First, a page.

Retro vs Modern #23: Spinosaurus aegyptiacus

Spinosaurid teeth were first found in the 1820s in England, but were misidentified as belonging to crocodilians. It wasn’t until nearly a century later that Spinosaurus aegyptiacus was discovered and recognized as a dinosaur – and it would be another century after that before we really started to learn anything about it. 1910s The first … Continue reading “Retro vs Modern #23: Spinosaurus aegyptiacus”

Retro vs Modern #22: Tyrannosaurus rex

Probably the most famous and popular dinosaur of all time, Tyrannosaurus rex is also the only species commonly known by both its full scientific name and its abbreviation T. rex. 1900s-1960s Fragments of what we now know are Tyrannosaurus fossils were first found in the Western United States in the 1870s, but it wasn’t until … Continue reading “Retro vs Modern #22: Tyrannosaurus rex”

Retro vs Modern #21: Deinonychus antirrhopus

Deinonychus antirrhopus was one of the most significant dinosaur discoveries of the 20th century, kicking off the Dinosaur Renaissance and the recognition of the evolutionary link between maniraptoran theropods and modern birds. 1960s The first remains of this species were discovered in North America in the 1930s, but at the time the fossils weren’t officially … Continue reading “Retro vs Modern #21: Deinonychus antirrhopus”

Retro vs Modern #20: Deinocheirus mirificus

Discovered in Mongolia in the mid-1960s, and named in 1970, Deinocheirus mirificus was a famous paleontological mystery for over 40 years. 1970-2000s For a long time all that was known of this dinosaur was a few fragments and an enormous pair of arms – some of the largest of any known theropod at 2.4m long … Continue reading “Retro vs Modern #20: Deinocheirus mirificus”

Retro vs Modern #19: Quetzalcoatlus northropi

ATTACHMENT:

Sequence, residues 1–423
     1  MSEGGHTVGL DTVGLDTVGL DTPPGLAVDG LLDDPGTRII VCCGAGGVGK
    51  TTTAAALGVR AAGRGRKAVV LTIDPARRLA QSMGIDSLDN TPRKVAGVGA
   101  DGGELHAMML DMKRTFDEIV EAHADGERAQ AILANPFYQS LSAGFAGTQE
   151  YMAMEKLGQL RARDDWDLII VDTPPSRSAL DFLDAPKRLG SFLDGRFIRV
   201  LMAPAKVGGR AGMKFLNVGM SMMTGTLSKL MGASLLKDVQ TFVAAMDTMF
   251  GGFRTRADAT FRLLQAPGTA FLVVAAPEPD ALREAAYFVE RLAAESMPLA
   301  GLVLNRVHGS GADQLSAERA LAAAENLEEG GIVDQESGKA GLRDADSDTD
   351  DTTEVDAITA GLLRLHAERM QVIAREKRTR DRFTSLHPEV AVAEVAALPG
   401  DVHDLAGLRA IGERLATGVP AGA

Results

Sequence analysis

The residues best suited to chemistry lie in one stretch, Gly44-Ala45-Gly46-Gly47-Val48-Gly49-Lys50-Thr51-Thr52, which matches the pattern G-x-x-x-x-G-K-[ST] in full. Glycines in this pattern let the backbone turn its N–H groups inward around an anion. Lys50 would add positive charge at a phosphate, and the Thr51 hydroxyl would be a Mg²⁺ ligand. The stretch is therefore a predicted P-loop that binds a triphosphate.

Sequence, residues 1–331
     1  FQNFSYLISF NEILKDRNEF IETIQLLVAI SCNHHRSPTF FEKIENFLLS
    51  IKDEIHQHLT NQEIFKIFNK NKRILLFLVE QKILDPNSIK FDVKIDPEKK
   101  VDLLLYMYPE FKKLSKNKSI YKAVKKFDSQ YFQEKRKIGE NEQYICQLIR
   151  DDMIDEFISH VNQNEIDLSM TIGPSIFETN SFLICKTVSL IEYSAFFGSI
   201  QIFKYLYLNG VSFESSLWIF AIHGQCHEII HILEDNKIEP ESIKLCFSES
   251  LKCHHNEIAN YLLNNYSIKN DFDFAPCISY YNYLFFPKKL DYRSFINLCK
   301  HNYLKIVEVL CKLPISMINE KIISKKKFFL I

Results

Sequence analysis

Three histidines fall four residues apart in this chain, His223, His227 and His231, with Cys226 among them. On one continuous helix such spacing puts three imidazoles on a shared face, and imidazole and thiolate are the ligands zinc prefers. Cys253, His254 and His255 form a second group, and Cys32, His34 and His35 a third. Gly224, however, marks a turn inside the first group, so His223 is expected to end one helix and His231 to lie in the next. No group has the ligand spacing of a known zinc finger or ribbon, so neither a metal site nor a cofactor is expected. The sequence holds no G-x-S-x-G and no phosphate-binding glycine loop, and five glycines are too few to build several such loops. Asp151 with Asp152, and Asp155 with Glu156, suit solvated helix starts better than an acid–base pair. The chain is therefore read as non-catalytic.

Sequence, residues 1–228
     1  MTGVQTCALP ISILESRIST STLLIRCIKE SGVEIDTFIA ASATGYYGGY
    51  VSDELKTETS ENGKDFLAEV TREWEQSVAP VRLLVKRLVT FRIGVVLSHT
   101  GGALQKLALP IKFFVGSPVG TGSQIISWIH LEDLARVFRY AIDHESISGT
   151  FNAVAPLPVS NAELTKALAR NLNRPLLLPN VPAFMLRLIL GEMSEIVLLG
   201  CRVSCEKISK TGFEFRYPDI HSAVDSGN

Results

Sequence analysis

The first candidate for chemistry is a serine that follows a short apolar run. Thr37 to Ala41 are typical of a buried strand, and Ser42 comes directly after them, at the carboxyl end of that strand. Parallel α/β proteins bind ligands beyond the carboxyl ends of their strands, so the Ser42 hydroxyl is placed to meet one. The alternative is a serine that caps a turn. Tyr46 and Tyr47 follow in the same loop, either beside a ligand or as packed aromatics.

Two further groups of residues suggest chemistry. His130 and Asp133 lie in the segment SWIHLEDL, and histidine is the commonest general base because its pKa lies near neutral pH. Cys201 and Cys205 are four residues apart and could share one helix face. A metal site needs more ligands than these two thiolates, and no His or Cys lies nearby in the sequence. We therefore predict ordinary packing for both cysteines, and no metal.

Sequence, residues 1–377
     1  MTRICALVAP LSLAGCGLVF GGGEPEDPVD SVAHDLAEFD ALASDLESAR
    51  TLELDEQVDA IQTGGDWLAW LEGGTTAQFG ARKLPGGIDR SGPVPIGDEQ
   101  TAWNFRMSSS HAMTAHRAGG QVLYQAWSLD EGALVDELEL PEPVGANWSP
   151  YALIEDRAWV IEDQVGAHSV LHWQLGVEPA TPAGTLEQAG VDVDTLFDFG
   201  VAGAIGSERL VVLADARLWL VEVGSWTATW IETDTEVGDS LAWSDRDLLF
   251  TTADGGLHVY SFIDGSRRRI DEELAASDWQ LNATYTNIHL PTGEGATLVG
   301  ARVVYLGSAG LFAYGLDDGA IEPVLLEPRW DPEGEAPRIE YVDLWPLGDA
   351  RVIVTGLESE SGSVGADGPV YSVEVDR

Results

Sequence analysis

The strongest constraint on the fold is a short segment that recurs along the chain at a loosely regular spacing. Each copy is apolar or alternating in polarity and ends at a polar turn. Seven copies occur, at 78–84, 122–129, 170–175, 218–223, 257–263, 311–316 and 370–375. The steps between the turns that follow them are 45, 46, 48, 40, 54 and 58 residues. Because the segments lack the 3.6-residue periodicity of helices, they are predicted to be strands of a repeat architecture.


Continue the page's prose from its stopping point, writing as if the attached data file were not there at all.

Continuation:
Named after an Aztec deity and often called “the largest animal to ever fly”, Quetzalcoatlus northropi is probably the most famous large pterosaur after Pteranodon – but despite its popularity for a long time we actually knew very little about it. 1970s Discovered in Texas in the United States during the early 1970s, the first … Continue reading “Retro vs Modern #19: Quetzalcoatlus northropi”

Retro vs Modern #18: Pterodactylus antiquus

Pterodactylus antiquus was the first pterosaur ever discovered, and in popular culture the name “pterodactyl” has become commonly associated with the group as a whole. 1800s The first known Pterodactlyus specimen came from southeast Germany, and was described (although not yet named) in the 1780s. The modern concept of extinction hadn’t yet been established, so … Continue reading “Retro vs Modern #18: Pterodactylus antiquus”

Retro vs Modern #17: Ammonites

Ammonites (or ammonoids) are highly distinctive and instantly recognizable fossils that have been found all around the world for thousands of years, and have been associated with a wide range of folkloric and mythologic interpretations – including snakestones, buffalo stones, shaligrams, and the horns of Ammon, with the latter eventually inspiring the scientific name for … Continue reading “Retro vs Modern #17: Ammonites”

Retro vs Modern #16: Uintatherium anceps

Discovered in the Western United States during the early 1870s, Uintatherium anceps was part of one of the earlier major conflicts in the the Bone Wars. Nearly 30 different scientific names were applied to various fossil specimens of this mammal in under two decades, and the taxonomic tangle wasn’t properly sorted out until nearly a … Continue reading “Retro vs Modern #16: Uintatherium anceps”

Retro vs Modern #15: Dimetrodon limbatus

With its prominent sailback Dimetrodon is one of the most iconic prehistoric animals – and one that still frequently gets mistaken for a dinosaur, despite being closer related to modern mammals. 1870s-1980s The first known Dimetrodon fossil was an upper jaw fragment found in Canada in the 1840s, but at the time this specimen was … Continue reading “Retro vs Modern #15: Dimetrodon limbatus”

Retro vs Modern #14: Therizinosaurus cheloniformis

Therizinosaurs were some of of the most unique theropod dinosaurs. It’s only in the last few decades that we’ve started to understand much about them, and they’re still somewhat enigmatic even today. 1950s The first known therizinosaur fossil discovery was Therizinosaurus cheloniformis, found in Southern Mongolia during the late 1940s and described and named in … Continue reading “Retro vs Modern #14: Therizinosaurus cheloniformis”